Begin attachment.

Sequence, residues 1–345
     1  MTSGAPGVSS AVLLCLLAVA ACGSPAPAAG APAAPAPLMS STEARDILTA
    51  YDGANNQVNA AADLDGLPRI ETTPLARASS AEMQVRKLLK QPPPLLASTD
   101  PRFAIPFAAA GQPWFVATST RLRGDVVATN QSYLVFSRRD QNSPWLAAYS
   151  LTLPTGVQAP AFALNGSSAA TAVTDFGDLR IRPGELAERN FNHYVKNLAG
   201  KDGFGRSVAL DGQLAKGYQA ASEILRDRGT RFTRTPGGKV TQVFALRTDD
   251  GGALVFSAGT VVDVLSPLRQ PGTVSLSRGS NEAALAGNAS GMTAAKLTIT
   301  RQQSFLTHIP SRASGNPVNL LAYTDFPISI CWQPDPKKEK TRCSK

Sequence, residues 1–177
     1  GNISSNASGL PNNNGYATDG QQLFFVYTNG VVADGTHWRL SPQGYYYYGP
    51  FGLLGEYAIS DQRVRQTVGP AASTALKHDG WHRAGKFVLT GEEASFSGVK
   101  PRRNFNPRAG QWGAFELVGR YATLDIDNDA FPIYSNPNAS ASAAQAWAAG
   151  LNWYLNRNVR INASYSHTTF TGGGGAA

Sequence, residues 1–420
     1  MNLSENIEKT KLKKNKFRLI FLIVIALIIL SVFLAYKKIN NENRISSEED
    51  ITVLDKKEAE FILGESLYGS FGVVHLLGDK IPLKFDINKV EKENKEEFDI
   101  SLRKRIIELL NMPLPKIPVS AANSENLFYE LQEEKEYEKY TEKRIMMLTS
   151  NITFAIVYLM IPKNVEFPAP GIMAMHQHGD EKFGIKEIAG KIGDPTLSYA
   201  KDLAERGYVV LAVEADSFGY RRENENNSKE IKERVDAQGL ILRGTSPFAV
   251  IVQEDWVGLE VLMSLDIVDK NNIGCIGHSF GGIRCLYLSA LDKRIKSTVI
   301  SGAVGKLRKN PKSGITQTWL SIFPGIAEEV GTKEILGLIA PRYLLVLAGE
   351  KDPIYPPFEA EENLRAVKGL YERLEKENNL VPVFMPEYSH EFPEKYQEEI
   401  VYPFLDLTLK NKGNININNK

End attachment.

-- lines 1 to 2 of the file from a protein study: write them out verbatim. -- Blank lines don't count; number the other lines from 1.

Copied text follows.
Sequence, residues 1–345
     1  MTSGAPGVSS AVLLCLLAVA ACGSPAPAAG APAAPAPLMS STEARDILTA